M3 Gun Motor Carriage
|Primary Role||Tank Destroyer|
Contributor: Alan Chanter
This was the first American self-propelled weapon to be used in combat during the Second World War.
In June 1941 the Aberdeen Proving Ground in Maryland, United States was requested to adapt the 75mm field gun to a half track carriage in order to provide a suitable mobile weapon for the tank destroyer battalions at that time being contemplated. The M1897A4 gun (originally a French design) was fitted, on a pedestal mount with a protective shield, into the cargo space of a standard White M2 armoured personnel carrier, where it had a traverse of 19 degrees left and 21 degrees to the right. It was fired forward over the cab and the projectile had a muzzle velocity of 2,000 feet per second.
The vehicle was standardized as the GMC M3 in November 1941, by which time a small number had been sent to the Philippine Islands where they proved effective, shortly afterwards, in dealing with Japanese tanks during the invasion. Others were used in action in Tunisia and Italy, where they did rather less well against German armour. The fundamental defect was that the gun, dated from 1897, and was no longer sufficient to cope with modern armour. The GMC M3 was reclassified in March 1944 and declared obsolete in September.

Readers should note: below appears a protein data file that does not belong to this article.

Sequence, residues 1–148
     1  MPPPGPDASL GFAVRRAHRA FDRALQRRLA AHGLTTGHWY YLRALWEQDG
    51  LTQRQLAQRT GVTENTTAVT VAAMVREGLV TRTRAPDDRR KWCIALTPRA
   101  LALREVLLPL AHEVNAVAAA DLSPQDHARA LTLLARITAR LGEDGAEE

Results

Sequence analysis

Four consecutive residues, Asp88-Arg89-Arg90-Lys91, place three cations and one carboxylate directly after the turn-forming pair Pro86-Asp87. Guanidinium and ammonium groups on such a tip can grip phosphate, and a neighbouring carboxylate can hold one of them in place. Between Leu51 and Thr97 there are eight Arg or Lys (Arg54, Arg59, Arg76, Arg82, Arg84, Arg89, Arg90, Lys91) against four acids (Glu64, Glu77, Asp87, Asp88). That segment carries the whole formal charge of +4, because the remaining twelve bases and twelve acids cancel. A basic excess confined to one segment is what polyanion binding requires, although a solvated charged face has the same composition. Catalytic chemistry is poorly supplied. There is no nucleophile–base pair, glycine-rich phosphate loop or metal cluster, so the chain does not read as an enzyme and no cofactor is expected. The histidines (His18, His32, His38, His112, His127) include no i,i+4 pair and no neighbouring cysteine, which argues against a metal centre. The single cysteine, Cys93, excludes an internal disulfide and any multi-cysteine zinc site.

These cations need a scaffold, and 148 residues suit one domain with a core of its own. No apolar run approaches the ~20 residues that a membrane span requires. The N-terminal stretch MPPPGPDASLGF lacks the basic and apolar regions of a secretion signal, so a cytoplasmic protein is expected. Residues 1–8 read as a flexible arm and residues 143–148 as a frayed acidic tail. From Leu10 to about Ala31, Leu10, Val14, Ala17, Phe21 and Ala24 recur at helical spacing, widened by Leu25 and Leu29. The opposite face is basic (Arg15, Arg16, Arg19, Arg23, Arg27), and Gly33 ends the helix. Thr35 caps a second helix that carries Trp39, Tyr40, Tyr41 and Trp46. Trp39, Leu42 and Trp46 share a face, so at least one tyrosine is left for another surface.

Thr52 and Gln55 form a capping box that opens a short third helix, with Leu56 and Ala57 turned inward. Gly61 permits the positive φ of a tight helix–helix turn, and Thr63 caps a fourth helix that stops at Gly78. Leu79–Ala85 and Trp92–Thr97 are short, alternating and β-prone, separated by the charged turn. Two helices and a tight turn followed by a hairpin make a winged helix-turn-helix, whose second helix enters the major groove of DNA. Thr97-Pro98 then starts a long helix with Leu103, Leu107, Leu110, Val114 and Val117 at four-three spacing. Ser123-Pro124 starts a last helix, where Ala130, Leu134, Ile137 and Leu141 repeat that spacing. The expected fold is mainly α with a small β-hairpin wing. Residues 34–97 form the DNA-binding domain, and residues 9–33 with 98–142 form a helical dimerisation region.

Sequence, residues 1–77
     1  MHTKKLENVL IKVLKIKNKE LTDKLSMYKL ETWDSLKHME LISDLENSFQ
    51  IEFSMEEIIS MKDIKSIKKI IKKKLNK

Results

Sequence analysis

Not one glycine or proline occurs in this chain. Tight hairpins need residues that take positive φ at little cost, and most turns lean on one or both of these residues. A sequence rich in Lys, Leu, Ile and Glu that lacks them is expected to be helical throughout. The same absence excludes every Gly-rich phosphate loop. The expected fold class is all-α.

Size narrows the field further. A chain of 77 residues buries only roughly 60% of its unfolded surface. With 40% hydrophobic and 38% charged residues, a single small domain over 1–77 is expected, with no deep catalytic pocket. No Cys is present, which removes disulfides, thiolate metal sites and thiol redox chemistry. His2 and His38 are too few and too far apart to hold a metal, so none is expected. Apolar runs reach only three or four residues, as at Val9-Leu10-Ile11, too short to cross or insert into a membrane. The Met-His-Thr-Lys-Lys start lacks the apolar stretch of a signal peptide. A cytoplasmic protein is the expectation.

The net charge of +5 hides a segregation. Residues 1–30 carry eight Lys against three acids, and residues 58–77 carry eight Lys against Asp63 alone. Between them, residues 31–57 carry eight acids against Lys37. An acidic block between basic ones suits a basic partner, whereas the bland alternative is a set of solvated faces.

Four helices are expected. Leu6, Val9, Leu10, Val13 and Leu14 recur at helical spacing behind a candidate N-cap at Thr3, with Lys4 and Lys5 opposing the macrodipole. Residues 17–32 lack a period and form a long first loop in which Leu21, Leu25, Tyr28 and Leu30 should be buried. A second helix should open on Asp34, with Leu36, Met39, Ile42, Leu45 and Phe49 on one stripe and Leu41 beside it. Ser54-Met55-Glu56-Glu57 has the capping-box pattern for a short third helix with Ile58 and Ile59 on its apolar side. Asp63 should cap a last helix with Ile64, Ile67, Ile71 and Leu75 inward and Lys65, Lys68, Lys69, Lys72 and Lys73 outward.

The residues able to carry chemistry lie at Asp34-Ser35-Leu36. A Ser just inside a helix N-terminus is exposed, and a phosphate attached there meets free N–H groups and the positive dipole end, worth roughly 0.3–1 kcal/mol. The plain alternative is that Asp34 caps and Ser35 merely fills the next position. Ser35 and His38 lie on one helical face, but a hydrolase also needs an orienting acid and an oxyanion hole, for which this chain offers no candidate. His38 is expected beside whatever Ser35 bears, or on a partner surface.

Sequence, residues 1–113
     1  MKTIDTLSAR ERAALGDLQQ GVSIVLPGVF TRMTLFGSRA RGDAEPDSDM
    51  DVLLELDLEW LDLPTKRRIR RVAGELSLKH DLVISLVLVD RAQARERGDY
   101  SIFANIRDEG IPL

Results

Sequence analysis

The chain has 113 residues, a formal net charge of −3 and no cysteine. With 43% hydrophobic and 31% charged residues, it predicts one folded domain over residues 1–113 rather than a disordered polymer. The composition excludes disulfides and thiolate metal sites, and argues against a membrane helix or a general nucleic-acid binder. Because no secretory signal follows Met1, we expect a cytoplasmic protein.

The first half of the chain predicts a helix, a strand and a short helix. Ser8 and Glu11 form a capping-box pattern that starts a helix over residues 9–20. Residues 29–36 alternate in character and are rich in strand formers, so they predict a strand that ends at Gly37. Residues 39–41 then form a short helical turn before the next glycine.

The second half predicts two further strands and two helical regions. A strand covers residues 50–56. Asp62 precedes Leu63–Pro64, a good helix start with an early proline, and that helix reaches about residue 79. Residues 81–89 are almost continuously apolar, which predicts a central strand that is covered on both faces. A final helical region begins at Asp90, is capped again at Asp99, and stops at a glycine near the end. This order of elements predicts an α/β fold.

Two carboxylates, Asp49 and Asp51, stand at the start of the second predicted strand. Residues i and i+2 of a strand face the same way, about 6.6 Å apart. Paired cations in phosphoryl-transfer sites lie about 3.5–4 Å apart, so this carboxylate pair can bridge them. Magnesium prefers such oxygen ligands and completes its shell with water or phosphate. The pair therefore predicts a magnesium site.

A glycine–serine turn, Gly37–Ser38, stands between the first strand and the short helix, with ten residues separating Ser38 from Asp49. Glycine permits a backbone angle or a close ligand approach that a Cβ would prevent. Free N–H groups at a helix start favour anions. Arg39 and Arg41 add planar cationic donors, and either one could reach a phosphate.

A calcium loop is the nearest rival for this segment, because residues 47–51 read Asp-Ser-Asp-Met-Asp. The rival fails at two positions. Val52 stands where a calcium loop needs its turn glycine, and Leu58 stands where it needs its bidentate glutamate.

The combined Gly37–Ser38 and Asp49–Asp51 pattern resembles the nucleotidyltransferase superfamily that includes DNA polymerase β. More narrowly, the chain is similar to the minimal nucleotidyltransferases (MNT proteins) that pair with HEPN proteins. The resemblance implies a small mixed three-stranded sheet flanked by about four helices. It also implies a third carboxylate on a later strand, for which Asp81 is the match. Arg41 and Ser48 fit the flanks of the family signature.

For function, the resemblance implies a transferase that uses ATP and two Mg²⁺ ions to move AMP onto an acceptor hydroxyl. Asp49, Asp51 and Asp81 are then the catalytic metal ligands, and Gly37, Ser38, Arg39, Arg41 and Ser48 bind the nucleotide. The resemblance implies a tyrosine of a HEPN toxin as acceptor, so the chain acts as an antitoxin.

They were also used by the US Marine Corps in the Pacific theatre, equipping both Special Weapons Battalions and Regimental Weapons Companies from mid-1944, but began to be replaced by the 105mm self-propelled guns towards the closing weeks of that year. The Marines employed it principally as an assault gun for knocking out fortifications and for indirect artillery fire. In the USMC the type was commonly known as the SPM (Self Propelled Mount). In addition a number were supplied to the British where they were used in Armoured Car regiments for fire support purposes.
Ian V. Hogg & John Weeks, The Illustrated Encyclopedia of Military Vehicles (Hamlyn, 1980)
Gordon Rottman , US Marine Corps 1941-45 (Osprey Elite, 1995)
B.T. White, Tanks and other Armoured Fighting Vehicles 1942-45 (Blandford Press, 1975)
M3 Gun Motor Carriage
|Machinery||6,326cc White 160AX 6-cylinder petrol engine rated at 128bhp at 2800rpm|
|Suspension||Semi-elliptic volute spring|
|Armament||1x75mm M1897A4 gun (59 rounds)|
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George Patton, 31 May 1944